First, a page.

In Re Marriage of Kopp

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320 N.W.2d 660 (1982)

In re the MARRIAGE OF Margie Jennesse KOPP and Daniel Ross Kopp. Upon the Petition of Margie Jennesse Kopp, Petitioner-Appellee, and Concerning Daniel Ross Kopp, Respondent-Appellant.

No. 3-65922.

Court of Appeals of Iowa.

April 27, 1982.

*661 Robert M. Sherman, Des Moines, for respondent-appellant.

Margie J. Kopp Wilkerson, for petitioner-appellee, pro se.



Respondent-husband appeals from the trial court's decree dissolving the parties' marriage, asserting: (1) since he is indigent within the meaning of section 598.12, The Code 1979, the trial court should have ordered the county and not him to pay the $450 fee for the minor child's guardian ad litem and (2) the trial court abused its discretion in ordering respondent to pay $500 of his wife's attorney fees. We find appellant is indigent as the term is used in section 598.12, The Code 1979.

Appellee-wife, Margie Jennesse Kopp, and appellant-husband, Daniel Ross Kopp, were granted a decree of dissolution in September of 1980. The decree placed the parties' minor child, Timothy Kopp, in the custody of Margie and ordered Daniel to pay $500 of Margie's attorney fees and $450 to the child's guardian ad litem. Daniel appealed the attorney fees, custody and visitation provisions of that decree. On January 9, 1981, both parties admitted, and the juvenile court concluded, Timothy was a child in need of assistance. After the disposition hearing, the juvenile court placed Timothy in the custody of the Wapello County Department of Social Services and ordered "that upon the conclusion of the current school year, barring a change of circumstances herein, that the Department of Social Services shall place the child with his father on a trial basis."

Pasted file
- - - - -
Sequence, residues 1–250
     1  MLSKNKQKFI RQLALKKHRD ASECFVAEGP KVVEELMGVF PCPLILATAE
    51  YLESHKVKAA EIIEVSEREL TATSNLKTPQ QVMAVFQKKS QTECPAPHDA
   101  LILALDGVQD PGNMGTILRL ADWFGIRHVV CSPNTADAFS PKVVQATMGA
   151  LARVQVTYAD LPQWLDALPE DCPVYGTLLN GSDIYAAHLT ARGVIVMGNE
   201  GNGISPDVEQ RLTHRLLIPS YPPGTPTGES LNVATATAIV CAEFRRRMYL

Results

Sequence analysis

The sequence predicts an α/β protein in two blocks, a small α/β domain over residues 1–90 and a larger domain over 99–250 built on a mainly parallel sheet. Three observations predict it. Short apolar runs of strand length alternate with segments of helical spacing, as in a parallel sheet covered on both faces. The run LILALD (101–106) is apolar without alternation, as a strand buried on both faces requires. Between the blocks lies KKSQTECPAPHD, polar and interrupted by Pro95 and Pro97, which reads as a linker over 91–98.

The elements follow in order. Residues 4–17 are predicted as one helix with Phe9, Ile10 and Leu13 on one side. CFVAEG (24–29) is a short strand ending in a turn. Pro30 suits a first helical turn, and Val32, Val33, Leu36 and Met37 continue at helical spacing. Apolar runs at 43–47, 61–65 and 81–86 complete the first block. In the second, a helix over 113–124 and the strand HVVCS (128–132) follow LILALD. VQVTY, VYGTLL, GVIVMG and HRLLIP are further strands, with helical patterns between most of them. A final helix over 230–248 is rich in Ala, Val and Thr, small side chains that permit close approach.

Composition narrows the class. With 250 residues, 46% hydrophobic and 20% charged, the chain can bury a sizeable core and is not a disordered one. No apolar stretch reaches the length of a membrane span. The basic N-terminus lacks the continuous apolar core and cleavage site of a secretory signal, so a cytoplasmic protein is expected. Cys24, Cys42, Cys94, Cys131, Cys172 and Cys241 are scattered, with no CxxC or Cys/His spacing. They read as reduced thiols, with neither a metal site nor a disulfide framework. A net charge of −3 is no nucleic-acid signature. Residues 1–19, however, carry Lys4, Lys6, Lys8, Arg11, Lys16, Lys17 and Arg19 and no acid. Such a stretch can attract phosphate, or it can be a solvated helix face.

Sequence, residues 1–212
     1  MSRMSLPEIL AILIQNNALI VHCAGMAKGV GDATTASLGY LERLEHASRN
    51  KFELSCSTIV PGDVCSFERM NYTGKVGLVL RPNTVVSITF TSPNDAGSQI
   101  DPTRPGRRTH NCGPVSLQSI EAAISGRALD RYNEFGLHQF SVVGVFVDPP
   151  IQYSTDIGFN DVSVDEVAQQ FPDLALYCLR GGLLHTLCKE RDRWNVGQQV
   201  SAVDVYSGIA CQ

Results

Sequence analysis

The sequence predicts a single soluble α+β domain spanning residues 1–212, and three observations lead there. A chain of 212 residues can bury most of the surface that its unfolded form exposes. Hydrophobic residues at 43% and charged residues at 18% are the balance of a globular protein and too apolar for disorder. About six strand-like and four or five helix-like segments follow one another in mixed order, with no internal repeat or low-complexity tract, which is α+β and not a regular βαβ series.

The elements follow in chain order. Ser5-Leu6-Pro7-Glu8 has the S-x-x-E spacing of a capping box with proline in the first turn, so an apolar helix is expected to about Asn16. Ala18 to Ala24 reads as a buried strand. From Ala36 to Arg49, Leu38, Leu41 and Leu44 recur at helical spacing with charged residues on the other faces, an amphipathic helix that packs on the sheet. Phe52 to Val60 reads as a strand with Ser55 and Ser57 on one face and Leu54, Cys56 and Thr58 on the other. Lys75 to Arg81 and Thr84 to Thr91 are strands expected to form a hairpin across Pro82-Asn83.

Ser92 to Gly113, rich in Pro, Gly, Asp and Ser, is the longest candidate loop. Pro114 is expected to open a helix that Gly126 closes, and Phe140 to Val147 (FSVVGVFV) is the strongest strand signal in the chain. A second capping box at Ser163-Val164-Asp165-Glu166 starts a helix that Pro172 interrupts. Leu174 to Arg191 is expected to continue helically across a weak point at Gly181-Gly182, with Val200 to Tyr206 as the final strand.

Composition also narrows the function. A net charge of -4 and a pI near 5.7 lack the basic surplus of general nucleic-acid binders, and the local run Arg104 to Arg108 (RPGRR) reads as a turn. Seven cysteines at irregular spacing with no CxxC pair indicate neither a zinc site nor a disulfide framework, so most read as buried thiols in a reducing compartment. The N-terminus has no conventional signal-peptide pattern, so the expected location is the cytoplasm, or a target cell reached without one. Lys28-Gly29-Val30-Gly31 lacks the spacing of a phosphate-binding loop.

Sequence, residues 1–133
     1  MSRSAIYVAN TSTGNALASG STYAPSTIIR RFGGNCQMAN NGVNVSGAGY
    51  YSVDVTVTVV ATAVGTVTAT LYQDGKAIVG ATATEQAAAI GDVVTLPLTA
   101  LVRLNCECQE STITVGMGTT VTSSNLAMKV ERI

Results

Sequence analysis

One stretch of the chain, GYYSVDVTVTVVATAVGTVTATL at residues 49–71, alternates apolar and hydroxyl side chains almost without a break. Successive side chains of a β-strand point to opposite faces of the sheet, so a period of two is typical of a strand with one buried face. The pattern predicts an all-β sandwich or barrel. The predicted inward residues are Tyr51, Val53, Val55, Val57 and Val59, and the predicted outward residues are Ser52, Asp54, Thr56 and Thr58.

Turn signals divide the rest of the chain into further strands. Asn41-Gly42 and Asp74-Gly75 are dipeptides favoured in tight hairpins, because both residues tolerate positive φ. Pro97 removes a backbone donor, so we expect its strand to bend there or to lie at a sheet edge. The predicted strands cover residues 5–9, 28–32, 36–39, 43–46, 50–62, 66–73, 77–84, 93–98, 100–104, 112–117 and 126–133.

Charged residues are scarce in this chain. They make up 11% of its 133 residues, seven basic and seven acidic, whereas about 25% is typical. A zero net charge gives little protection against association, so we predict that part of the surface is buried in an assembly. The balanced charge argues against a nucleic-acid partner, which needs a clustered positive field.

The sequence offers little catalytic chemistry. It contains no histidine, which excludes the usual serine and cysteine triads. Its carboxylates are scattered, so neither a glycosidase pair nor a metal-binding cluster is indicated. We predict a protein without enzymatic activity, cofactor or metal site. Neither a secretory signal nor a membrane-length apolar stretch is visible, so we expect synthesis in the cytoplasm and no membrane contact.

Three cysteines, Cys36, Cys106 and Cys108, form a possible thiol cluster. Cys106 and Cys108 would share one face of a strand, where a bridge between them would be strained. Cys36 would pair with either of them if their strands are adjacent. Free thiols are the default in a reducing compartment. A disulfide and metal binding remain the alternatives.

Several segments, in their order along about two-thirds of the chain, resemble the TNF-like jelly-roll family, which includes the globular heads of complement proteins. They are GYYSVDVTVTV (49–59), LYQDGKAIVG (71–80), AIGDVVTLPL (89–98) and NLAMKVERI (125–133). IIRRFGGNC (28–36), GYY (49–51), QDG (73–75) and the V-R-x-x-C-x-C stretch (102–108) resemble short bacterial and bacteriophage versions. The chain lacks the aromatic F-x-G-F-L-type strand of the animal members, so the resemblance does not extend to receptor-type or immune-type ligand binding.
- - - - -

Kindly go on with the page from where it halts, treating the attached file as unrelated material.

On appeal, Daniel contends the only issues not mooted by the juvenile court's order were whether Daniel should pay the guardian ad litem's fee and $500 of Margie's attorney fees. We address only those contentions.

This is an equity action, see section 598.3, The Code 1979, in which we review the record de novo. Iowa R.App.P. 4. The court's findings of fact, especially regarding a witness's credibility, are given weight, but we are not bound by those findings. Iowa R.App.P. 14(f)(7).

I. Guardian Ad Litem's Fee.

Section 598.12, The Code 1979, requires the court to assess costs of the proceeding to the county if the party ordinarily responsible for costs is indigent. Daniel claims he is indigent and consequently he argues the trial court abused its discretion in making him liable for the guardian's fee. Our review of the record leads us to conclude Daniel is in fact indigent.